Insurance Industry Responds to House Approval of NFIP Renewal

Insurance industry trade groups lauded the U.S. House of Representatives’ vote on Nov. 14, reauthorizing the National Flood Insurance Program (NFIP). The 21st Century Flood Reform Act (H.R. 2874) would reauthorize the program for five years and enact operational changes. Advocates from RIMS, the risk management society, the Property Casualty Insurers Association of America, and SmarterSafer.org also asked that the Senate waste no time in passing its version of the measure before its expiration on Dec. 8.

On Sept. 8, President Trump signed legislation passed by both houses to extend NFIP authorization until Dec. 8, which previously had been set to expire Sept. 30.

Dow Jones reports that the act’s reforms include:

  • Authorizing $1 billion to elevate, buy out or mitigate high-risk properties
  • Capping flood insurance premiums at $10,000 per year for homeowners
  • Removing hurdles to the private flood insurance market, which often offers better coverage at lower cost than the NFIP
  • Providing for community flood maps and a homeowner’s ability to appeal their flood designation
  • Better aligning NFIP rates to match a property’s true risk, particularly for in-land and lower-value properties
  • Improving the claims process for flood victims
  • Addressing repeatedly flooded properties, which account for 2% of NFIP policies but 25% of claim payments

While it applauded the U.S. House of Representatives for deciding to reauthorize the NFIP, RIMS, the risk management society, also urged the Senate to quickly follow-up before the program’s Dec. 8 expiration. Allowing the NFIP to expire would have “significant repercussions, impacting both corporate and residential property owners,” said RIMS Vice President Robert Cartwright Jr.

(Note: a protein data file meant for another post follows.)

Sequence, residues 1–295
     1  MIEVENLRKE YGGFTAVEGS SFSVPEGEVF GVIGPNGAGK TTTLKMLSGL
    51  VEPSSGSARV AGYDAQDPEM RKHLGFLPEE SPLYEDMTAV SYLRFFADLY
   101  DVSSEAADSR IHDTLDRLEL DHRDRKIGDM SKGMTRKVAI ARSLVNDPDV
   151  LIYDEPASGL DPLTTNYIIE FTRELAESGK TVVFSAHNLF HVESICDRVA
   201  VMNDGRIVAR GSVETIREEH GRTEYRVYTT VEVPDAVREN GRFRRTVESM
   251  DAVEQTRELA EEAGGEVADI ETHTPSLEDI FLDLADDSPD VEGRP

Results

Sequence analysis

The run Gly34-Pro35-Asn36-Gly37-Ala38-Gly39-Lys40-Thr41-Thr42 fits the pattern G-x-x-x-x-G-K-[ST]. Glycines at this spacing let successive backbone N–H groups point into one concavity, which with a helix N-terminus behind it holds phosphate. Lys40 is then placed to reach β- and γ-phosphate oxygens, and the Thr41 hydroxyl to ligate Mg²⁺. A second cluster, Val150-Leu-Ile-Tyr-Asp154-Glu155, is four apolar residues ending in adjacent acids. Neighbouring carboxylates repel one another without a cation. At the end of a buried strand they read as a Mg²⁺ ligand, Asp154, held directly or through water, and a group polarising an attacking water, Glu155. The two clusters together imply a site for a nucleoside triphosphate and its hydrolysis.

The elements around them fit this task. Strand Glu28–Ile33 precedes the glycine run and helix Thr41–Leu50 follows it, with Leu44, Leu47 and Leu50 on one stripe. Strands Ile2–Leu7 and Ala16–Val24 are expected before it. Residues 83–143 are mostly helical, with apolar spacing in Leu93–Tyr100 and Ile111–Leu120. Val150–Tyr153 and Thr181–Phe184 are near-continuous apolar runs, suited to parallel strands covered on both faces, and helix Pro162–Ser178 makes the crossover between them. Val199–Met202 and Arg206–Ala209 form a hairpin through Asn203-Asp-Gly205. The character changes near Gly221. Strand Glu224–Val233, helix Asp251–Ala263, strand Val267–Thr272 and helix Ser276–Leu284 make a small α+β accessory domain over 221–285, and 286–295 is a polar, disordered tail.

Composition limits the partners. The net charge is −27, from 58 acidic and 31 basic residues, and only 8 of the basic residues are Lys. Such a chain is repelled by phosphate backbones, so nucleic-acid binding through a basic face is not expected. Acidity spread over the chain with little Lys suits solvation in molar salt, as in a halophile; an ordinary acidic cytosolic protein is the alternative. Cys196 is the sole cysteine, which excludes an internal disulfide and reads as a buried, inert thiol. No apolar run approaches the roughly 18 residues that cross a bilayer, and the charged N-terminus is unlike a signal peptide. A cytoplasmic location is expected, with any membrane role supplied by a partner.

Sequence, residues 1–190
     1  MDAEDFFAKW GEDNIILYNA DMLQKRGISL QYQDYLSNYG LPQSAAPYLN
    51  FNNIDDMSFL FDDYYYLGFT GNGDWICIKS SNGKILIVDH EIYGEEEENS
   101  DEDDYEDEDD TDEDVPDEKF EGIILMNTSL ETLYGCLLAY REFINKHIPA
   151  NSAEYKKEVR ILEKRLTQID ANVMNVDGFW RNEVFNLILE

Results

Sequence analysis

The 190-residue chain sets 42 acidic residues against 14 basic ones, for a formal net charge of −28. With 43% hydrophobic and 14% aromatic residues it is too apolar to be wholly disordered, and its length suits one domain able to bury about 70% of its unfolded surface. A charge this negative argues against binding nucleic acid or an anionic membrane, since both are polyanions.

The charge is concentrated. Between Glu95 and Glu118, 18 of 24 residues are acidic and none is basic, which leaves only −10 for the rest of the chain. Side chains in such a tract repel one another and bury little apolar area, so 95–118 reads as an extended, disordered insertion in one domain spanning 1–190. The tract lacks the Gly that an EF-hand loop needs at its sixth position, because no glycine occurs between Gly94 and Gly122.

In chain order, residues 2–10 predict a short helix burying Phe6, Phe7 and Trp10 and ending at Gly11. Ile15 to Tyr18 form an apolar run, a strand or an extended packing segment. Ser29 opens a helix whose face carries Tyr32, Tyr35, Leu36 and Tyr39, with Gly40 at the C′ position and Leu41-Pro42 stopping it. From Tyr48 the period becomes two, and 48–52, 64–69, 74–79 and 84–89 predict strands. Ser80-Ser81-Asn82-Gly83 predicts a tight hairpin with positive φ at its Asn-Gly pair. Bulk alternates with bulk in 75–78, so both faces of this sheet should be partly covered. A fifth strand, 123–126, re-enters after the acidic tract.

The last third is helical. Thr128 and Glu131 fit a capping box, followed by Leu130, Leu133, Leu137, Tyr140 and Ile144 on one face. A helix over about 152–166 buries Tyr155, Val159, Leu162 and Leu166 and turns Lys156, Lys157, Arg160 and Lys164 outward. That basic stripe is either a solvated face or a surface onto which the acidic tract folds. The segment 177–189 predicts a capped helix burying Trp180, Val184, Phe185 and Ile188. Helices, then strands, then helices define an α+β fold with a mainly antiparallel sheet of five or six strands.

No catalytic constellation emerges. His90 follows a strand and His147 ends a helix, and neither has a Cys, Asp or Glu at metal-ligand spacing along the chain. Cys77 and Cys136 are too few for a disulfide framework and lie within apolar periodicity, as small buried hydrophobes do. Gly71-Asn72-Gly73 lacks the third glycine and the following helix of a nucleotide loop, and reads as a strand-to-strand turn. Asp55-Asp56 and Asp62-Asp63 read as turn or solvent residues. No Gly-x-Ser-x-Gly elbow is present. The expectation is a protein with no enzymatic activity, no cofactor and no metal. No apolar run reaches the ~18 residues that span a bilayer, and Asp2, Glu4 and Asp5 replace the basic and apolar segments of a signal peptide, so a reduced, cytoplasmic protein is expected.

“Nearly five million American consumers rely on the NFIP to protect their homes, properties, and businesses,” said Nat Wienecke, senior vice president of federal government relations at the Property Casualty Insurers Association of America (PCI). “A long-term reauthorization is needed to provide consumers and markets with reliability and stability when it comes to flood insurance coverage.”

SmarterSafer.org, a coalition of taxpayer advocates, environmental groups, insurance interests, housing organizations and mitigation advocates, said in a statement that this year’s “historic hurricane season has pushed the nation’s debt-ridden flood insurance program past the point of bankruptcy once again, so we applaud the House for passing a legislative package that reforms the NFIP to ensure the program is financially sustainable for the future.” The organization also lauded the House for investing in recommended measures including “mapping and mitigation, addressing affordability and providing consumer choice in the flood insurance marketplace.”

The NFIP was created more than 50 years ago to provide affordable flood insurance as private insurers pulled out of the market. The program’s large debt led Congress to cancel $16 billion of its debt last month. NFIP now has about $6 billion to pay claims and $10 billion left that it can borrow from the Treasury Department, according to the Federal Emergency Management Agency, which manages the program.

Hurricane Harvey Hits Texas with Up to $30 Billion in Damages

Hurricane Harvey, which made landfall in Texas on Friday night as a Category 4 hurricane, has so far caused at least five deaths and more than a dozen injuries. Now a tropical storm, Harvey has dumped more than 30 inches of rain on the Houston area, with another 15 to 20 inches anticipated by Friday.

According to the New York Times:

  • With record floodwaters devastating much of southeast Texas, more than 450,000 people are likely to seek federal aid in recovering from Harvey, the storm that has battered the Gulf Coast for days, Brock Long, the director of the Federal Emergency Management Agency, said on Monday. The agency has estimated that about 30,000 people will seek emergency shelter, and that federal aid will be needed for years.
  • The Houston region now looks like an inland sea dotted by islands, with floodwaters inundating roads, vehicles, and even bridges and buildings. Thousands of people have been rescued from flooded homes and cars and many more are stuck in homes that remained above water but are cut off.